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Pierre-Octave Ferroud (1900–1936)

Helene Schulthess, Querflöte, Ferroud

Pierre-Octave Ferroud (1900 ‑ 1936)

Pierre-Octave Ferroud (1900–1936)

Pierre Octave Ferroud and his work

Pierre Octave Ferroud was a French composer, concert organiser and music critic. He studied harmony with Edouard Commette at the Lyon Conservatory and at the same time natural sciences at the University of Lyon.

In 1923, he became a music critic for the evening newspaper Paris-Soir. In Paris in the 1920s, he socialised with the musicians of the ‘Groupe des Six’, Jean Cocteau, Francis Poulenc and Igor Stravinsky and discovered the works of Bela Bartók and Paul Hindemith, among others, during his travels. He was a close friend of Francis Poulenc. Ferroud founded the ‘Société de Musique de Chambre Le Triton’ in 1932, which played an important role in the dissemination of contemporary music and publicised works by foreign composers that had rarely been performed in France.

He died at the age of 36 in a car accident while travelling in Hungary. Ferroud's works are characterised by rich counterpoint. They show influences from Bartók, Stravinsky and Hindemith.

Toan Yan is the third piece from the „Trois Pièces“

‘Toan-Yan’, the “Festival of the Double Five” (5th day of the 5th month), is one of the most important festivals in China alongside the Chinese New Year and the Moon Festival. According to legend, it dates back to the attempted rescue of Qu Yuan during the Warring States period (475-221 BC), who is said to have drowned himself in the Miluo Jiang River due to injustice suffered. The very lively and colourful festival commemorates this event. Ferroud uses an original Chinese melody in this composition.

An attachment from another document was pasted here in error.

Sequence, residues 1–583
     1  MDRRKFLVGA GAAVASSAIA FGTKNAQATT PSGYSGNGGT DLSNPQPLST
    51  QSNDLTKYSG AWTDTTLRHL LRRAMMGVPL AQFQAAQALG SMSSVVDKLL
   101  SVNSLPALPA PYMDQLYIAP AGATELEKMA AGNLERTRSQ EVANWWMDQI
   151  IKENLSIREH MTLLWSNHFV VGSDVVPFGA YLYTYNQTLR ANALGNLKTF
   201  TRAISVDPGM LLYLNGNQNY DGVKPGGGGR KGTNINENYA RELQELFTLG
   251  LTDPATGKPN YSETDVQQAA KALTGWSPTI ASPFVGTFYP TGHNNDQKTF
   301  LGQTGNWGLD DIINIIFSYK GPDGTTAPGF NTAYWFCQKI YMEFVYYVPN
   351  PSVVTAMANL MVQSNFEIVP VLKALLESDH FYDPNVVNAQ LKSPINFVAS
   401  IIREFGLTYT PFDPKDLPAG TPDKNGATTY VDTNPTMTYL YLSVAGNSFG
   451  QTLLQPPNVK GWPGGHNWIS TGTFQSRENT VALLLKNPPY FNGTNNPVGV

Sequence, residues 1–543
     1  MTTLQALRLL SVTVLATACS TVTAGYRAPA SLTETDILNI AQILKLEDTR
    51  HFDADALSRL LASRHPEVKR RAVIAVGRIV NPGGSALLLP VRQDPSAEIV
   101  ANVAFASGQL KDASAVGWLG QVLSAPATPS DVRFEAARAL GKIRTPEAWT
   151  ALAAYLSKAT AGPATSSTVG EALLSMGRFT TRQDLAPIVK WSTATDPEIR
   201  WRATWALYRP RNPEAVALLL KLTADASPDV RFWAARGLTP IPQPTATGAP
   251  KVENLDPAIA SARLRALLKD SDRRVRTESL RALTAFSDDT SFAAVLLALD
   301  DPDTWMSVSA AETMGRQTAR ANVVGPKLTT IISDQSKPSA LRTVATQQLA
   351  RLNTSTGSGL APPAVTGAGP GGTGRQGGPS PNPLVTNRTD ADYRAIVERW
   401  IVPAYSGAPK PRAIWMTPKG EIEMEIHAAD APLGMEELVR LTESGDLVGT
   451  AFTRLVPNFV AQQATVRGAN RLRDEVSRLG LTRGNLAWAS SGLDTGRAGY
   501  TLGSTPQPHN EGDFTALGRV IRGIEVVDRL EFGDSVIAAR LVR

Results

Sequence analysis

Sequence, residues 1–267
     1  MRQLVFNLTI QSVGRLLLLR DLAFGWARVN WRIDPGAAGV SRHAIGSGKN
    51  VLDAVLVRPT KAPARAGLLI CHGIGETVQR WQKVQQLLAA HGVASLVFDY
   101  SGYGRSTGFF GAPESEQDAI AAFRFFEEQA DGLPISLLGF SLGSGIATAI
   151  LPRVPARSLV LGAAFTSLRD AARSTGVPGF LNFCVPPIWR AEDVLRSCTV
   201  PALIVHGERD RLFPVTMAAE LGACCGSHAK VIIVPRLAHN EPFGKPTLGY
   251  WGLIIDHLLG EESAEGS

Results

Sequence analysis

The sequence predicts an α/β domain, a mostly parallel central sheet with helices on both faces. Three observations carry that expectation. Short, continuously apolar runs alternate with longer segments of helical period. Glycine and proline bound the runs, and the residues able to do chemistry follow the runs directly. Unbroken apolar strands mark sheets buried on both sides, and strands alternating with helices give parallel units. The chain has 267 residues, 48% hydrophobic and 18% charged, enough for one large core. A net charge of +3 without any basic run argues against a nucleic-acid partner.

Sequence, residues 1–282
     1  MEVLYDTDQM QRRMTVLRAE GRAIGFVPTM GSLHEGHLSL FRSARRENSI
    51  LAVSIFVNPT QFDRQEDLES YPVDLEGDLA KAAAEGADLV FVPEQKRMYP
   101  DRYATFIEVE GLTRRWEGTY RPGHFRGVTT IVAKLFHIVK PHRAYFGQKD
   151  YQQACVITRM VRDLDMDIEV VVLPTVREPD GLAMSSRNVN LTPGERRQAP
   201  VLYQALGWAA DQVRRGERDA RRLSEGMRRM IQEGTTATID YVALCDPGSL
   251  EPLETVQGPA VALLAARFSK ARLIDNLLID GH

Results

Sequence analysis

Villa Patumbah
Zurich, Switzerland

Helene Schulthess, Querflöte, Toan-Yan
Helene Schulthess, Querflöte, Toan-Yan
Helene Schulthess, Querflöte, Toan-Yan

Carl Fürchtegott Grob-Zundel, the owner of Villa Patumbah, came from a family of bakers in Zurich. He acquired his immense wealth through his involvement in tobacco plantations in Sumatra. Villa Patumbah - named after his plantation in Sumatra - was the most exclusive property in Zurich at the time. The architects Alfred Chiodera and Theophil Tschudy combined stylistic elements from the Gothic, Renaissance and Rococo periods with motifs inspired by the Far East to create a harmonious whole.

Today, Villa Patumbah is the headquarters of the Swiss Heritage Society.

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